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Groundbreaking win for faith convictions makes global news
The recent case of West Australian Christian couple Byron and Keira Hordyk was a big win for religious freedom in Australia and generated headlines across the globe.
After foster care agency Wanslea Family Services rejected their application to become foster parents, the Human Rights Law Alliance took the case arguing they were the victims of unlawful discrimination.
The Tribunal decision released on 23 December 2022 confirmed that the foster care agency had discriminated against the Hordyks.
The win was groundbreaking for Australian religious freedom and the news spread quickly around the country despite the Christmas shutdown.
From The Australian, “The State Administrative Tribunal in WA found that Wanslea was providing a service and ‘indirectly discriminated against the Hordyks in the provision of that service on the ground of their religious conviction’.”
“A Western Australian tribunal has found a Christian couple were discriminated against when their application to foster a child was rejected over their view that homosexuality is a sin,” reported ABC News.
“Perth couple Byron and Keira Hordyk hope that their five-year religious discrimination battle against a foster care agency will give hope to all Christians who strive to live by and promote basic Christian beliefs and values,” wrote The Catholic Weekly.
It wasn’t just in Australia that the news made headlines. This important case was also reported to many around the world.
Portuguese Christian News site Guiame covered the story, writing “because they follow the biblical precepts and believe that homosexuality is a sin, an Australian couple had an adoption unjustly denied”.
“A Western Australian tribunal concluded that Byron and Keira Hordyk views on religion were discriminated against,” reported the UK’s Tyla.com.
The widespread interest in the outcome of this case shows that Australians care about their religious liberties. The Tribunal’s decision also demonstrates that the momentum of fashionable ideas demonstrated by the foster agency’s treatment of the Hordyks and other cases like the treatment of Andrew Thorburn are out of step with what is just and equitable under the law.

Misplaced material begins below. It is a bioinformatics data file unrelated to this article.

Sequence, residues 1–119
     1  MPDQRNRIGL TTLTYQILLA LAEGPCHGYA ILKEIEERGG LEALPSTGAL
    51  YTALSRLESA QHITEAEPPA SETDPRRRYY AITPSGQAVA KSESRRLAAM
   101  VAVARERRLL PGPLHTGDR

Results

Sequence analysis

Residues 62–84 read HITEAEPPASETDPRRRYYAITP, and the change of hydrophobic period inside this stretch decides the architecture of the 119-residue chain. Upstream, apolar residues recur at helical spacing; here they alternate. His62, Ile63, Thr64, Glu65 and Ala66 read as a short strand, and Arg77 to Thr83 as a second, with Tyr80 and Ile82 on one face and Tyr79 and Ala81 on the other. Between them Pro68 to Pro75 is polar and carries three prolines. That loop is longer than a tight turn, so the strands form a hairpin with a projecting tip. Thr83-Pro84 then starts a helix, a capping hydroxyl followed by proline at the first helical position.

As John Steenhof, principal lawyer and head of the Hordyk’s legal team at the Human Rights Law Alliance, said, the Hordyks are “ordinary Australians” who were discriminated against.
“[The Hordyks] were treated badly purely because of their traditional Christian beliefs about sexuality,” he said.
“This is a wonderful couple who would be great foster carers and they were told that they were unsafe because they didn’t affirm homosexuality.”
The Hordyks’s case is groundbreaking for religious freedom law in Australia. the Tribunal followed the decision in Williamson, finding that it is not the court’s role to judge the ‘validity’ of a person’s belief by engaging in theological or doctrinal reasoning.
By following this important UK case, the Tribunal has recognised that the content and reasoning behind a person’s religious conviction should not be picked apart by a judge, who is not a theologian, and should only be concerned to make sure that the person genuinely and sincerely holds their belief.
This goes to the very heart of freedom of religion in a pluralist society. No one belief should be privileged by the State and every religious belief should be afforded equal protection under the law.
Australians should not have to fear that they will be discriminated against because of their sincerely held beliefs.
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